PAN AMERICAN JOURNEY PART VII – MEXICO
The team rider Zuzana Salz and her boyfriend have been enjoying Mexico these days. Van odometer shows 64 254 km. Soon they'll reach Guatemala. Keep yourselves up to date and read about this adventurous Pan American Journey!
Odometer: 64 254km
Mexico City – Palenque Maya Ruins
And it’s off to the Bush we go! After getting a good dose of the city and the cops,we evacuated up into the mountains for a breath of fresh air! The first National Park we stayed in was La Malinche. This Volcanic peak sits at 4270m and is a pretty popular destination with a good view of the active Volcano Popocatepetl that is close to Mexico City. Since we came on the weekend, we literally met hundreds of kids scrambling up to the peak wearing just their street clothes and ordinary snickers! Anyway Trash is a common sight even in the parks, so since we’re SICK of TRASH we did our part in the Horsefeathers campaign and picked up garbage and made the world a cleaner place!
Our second stop was Pico de Orizaba. It’s the 3rd highest mountain in both Central and North America and the highest in Mexico! It’s peak reaches a decent 5 636m. From afar, Orizaba looks like a gentle sloping giant….until you start the ascent! The last 1.5km along the snow covered cap to the top was the most deceiving, from a leisurely hike it became a strenuous battle with every breath and every step. When we finally reached the top a humongous crater as steep as hell loomed open. Not the place to get dizzy! To avoid getting altitude sickness like dizziness and vomiting, we camped out just underneath the snowline at 4900m the night before the sublime clime and a night after but didn’t quite get away without getting a bit sick! No vomiting though! By the time we were descending we were both exhausted, sweaty, dirty, sleep deprived and hungry for Oh Henry! Fresh food never tasted so good! Oh yeah, we did have one funny incident on our way up though! Kamil’s “Heavy Duty” hiking boots suddenly gave out, and not one sole, but both soles of his boots deranged themselves at about the same time! The soles were literally hanging on by only one screw that was on the heal part of the boot! Kamil fixed them up into true heavy duty boots with some rusty wire and shoelaces and was told “You fix your boot like a Mexican” from the first Mexican we met!
So for the next few days we decided on enjoying the comforts of our Van! We drove to the Tehuacan-Cuicatlan park which is a huge body of land covered with tall toothpick shaped cactuses and trees that looked like they came from a Dr. Suess book! Anyway we parked on a side road not to far from the highway for the night and turned on the radio that was playing our old dance hero DJ Bobo! But before we knew it we were surrounded by five stern looking men who escorted us to the closest camping area. This was the first serious park, guess they don’t want anybody packing out special cactuses….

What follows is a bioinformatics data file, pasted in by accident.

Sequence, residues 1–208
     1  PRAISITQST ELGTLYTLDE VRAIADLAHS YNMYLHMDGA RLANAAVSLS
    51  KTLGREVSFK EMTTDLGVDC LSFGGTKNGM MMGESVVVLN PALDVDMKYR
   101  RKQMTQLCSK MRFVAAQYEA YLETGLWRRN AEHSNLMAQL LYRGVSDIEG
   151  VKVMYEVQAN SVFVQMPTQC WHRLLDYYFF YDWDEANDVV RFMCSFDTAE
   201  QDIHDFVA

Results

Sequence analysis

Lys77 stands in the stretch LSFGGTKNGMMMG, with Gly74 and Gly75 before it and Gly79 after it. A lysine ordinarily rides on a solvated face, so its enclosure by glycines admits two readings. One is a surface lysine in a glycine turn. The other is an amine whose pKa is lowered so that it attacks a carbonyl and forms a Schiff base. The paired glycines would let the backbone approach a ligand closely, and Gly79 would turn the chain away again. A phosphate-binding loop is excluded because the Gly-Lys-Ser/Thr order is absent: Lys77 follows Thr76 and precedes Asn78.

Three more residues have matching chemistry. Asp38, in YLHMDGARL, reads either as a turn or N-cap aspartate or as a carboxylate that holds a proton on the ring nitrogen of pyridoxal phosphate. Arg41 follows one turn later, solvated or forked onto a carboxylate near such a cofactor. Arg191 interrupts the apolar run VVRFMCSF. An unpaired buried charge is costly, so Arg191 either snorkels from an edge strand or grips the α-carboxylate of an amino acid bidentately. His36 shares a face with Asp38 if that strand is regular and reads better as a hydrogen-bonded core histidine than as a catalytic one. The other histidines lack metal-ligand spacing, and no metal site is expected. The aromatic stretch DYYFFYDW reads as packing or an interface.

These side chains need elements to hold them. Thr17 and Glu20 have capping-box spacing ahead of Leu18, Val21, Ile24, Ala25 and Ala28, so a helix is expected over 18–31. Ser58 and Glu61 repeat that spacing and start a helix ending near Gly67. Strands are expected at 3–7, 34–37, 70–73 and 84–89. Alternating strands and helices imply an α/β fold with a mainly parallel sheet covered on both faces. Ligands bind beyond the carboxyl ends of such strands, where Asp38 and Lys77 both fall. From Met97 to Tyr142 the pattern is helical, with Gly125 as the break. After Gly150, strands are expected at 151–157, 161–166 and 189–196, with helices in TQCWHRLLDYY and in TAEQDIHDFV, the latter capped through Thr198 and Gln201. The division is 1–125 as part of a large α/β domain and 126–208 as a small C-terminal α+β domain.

A little further south, the town of Tula claims on having the biggest tree in the world! So we dropped in to see this stout and thick 11m in diameter Montezuma Cypress! While we were there, we happened to get a tip on a Canadian mechanic. Calvin and Leanneare a couple who have traveled around for years in a huge ol’ renovated bus and ended up in Tula. The bus still serves as their main living quartersand is parked under a large roof that houses their airy kitchen and bathroom. After a lot of thinking and searching without any real answers to our intermittent motor problems, we finally replaced some old parts for new ones and hoped for the best! And off we were again, heading down the road to the cascading pools of Hierve de Agua. Beautiful mineral formations and pools set on ledges overlooking the mountains, mother nature never disappoints!
Another natural wonder on our way was the Sinkhole, Sima de Las Cotorras, which is the home to hundreds of screeching parrots. This gigantic hole is 160m wide and drops down a swift 140m. Considering it’s just a hole in the ground, it’s pretty amazing!
Eventually after a lot of driving through mountains and towns, over bridges and topas we were finally closing in on the Maya pyramid ruins of Palenque. The humid heat between June and October in these tropical countries can become unbearable so when we passed the sign to the Misol Ha Waterfalls we couldn’t resist! Good thing, because other than it being a refreshing stop, we found out that behind these 35m jungle waterfalls there’s a dark, but super cool bat cave with an underground waterfall!
So you know you’re in the jungle when: you look up and see a snake, you take a step backwards and almost step on a frog and as you put your hand on a nearby tree to stabilize yourself you squish a cockroach…..all this while ants are chomping away at your ankles! Other than the creepy crawlies though, the Jungle is a Divine place! And Palenque really is a Jewel. Long ago it was a large sophisticated civilization with towering temples all built without the use of any metal or machines! Why the Maya civilizations collapsed is a question that still lingers in the air. Scientists speculate that they had drained their natural resources….but who really knows? A lot of the art and other important artifacts that didn’t fall victim to the destruction of time or to thieves, arein the museum on display. The masks are quite impressive.
And now that we are reaching the southern part of Mexico, it’s time to cross the border into another country…..Guatemala!
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